Renk, Kathleen J., 1952-
Ph.D. (Doctor of Philosophy)
Department of English
Women's studies||American literature||British literature||Irish literature
This dissertation argues that stereotypes about the Victorian spinster continue to influence the depiction of the single woman in American and British literature since 1960. Perceived as a threat to heteronormative culture, the single woman protagonist must contend with stereotypes of the "old maid" and the "spinster" that culminate in three characteristics of single woman fiction: that the protagonist is perceived as an object of speculation, that she must answer for her singlehood, and that she should find work caring for a surrogate family. Writers engage in several narrative strategies to deflect, revise, and occasionally reinscribe stereotypes of single womanhood. A protagonist may rely on heterotopic memory to seize authority over her own history and that of the larger culture. She may also engage in the domestic quest narrative, seeking out other women to create a safe space from which they will create and share artistic or intellectual work with one another. The single woman protagonist may even find that in her attempts to retain sexual and economic autonomy from men that she is perceived as a danger to subsequent generations of women. Each narrative strategy underscores the significance of the single woman protagonist, and her connection to the Victorian spinster, to women's literary histories and to novel studies as a whole.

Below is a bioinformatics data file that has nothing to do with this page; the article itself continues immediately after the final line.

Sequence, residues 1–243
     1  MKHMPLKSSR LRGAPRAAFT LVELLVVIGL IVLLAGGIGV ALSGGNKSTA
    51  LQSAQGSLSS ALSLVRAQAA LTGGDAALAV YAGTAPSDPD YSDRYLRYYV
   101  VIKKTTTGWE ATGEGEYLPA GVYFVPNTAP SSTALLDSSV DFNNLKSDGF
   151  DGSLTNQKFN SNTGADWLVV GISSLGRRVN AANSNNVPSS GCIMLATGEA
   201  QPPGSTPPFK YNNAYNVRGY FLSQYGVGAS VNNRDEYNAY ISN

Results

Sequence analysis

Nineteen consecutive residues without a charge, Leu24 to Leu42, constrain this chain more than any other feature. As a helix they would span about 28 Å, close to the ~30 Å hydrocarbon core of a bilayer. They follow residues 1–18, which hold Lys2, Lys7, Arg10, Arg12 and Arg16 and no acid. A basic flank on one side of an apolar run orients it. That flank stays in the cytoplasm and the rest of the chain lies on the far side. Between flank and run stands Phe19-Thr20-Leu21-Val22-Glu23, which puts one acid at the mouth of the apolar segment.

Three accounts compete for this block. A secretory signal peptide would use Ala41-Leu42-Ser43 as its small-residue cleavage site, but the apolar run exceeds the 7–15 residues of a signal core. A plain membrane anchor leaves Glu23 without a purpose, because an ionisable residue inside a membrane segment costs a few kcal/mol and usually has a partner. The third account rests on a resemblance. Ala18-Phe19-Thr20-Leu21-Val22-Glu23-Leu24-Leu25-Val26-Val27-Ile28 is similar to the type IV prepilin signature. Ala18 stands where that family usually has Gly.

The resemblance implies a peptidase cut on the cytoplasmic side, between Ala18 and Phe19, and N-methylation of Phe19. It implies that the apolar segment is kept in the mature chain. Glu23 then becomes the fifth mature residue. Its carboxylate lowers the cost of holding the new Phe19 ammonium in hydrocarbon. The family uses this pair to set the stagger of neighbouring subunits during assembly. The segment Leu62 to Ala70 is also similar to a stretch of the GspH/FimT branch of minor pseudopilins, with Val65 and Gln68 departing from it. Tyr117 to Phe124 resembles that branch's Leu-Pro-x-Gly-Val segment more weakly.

Volmer, Kimberly, "Rewriting spinsterhood : single women in American and British women's novels since 1960" (2018). Graduate Research Theses & Dissertations. 4764.
Northern Illinois University
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